a writing by Timothy DeChenne

Here in my dotage, coasting through the gentle days of retirement, I spend much of my day reading. It's an irreplaceable pleasure in my life, and has been so since adolescence.

But such a pleasure is increasingly curious in today's world, and I find that lamentable. For whatever it's worth, I'd like to offer a defense of books.

Real books, let me hasten to add. Yes, e-books have their uses. For example, they’re convenient when travelling. But they haven’t come close to replacing their paper cousins, as was commonly predicted. And for this there are various explanations.

One of these is that e-books are somehow less "immersive", less able to capture and hold the full engagement of the reader. This notion is consistent with research showing that much of digital reading is actually skimming, and furthermore that memory for details is poorer with digital than with paper text.

This is credible, but I think there's an additional explanation. There’s something more satisfying about paper books, and that is just their . . . physicality. It's the heft of them. Their texture. The actual turning of pages.

And even their accumulation. The steady metastasis of bookshelves throughout the home is itself a kind of satisfaction. Now granted, much of that is the compulsive pride of the collector.

But there’s more to it than just hoarding. John Updike captured it when he suggested one’s book collection “externalizes the mind”. The shelves constitute a kind of visible history of one’s thinking. If you are one of those people for whom ideas are as real as things, the appeal of such a visible history is evident. It sketches who you’ve been. It shadows who you might become.

But issues of paper versus digital aside, it is of course the reading itself that's most important.

It is a counterweight to contemporary life. That life, as you well know, is frenetic. Everything is quick. Most things are noisy. Distractions abound, particularly online.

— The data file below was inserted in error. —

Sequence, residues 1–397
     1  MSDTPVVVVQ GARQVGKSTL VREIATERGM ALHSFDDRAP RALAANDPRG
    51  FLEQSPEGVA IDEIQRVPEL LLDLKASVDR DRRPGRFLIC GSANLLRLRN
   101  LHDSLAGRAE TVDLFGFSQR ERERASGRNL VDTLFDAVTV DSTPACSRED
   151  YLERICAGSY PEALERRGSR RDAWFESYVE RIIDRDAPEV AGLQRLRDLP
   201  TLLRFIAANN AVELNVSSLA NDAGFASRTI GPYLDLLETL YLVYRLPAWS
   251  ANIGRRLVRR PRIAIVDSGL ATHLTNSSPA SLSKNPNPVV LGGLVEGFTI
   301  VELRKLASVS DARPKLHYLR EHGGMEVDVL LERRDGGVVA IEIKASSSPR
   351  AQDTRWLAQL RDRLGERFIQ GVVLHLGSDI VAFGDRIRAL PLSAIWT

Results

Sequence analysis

Reading can be palliative for this stress. It develops slowness. We sit quietly for a while. We unplug. Unless we've made the mistake of reading on our cell phones, we escape the ceaseless, trivial chatter of those devices. We encounter no messages, no advertising. We think our way into something.

Along that way, we benefit greatly. If we’re reading fiction, we’re likely honing empathy and appreciation for human complexity. If reading nonfiction—more common for me these days—we’re likely building conceptual structures and factual knowledge.

And as you’ve probably read--for if you clicked on this piece you too are almost certainly a reader--we may be building better brains. Although not yet proven, there is at least some evidence that mentally challenging activities throughout life may help buffer the depredations of dementia.

Well, fingers crossed.

But of course all these benefits are unpersuasive for non-readers, a demographic that seems to be growing. Fewer people read for pleasure these days, in any format. For them the appeal of books is rather odd.

For the rest of us, the appeal is rather obvious. It’s right there on the page.

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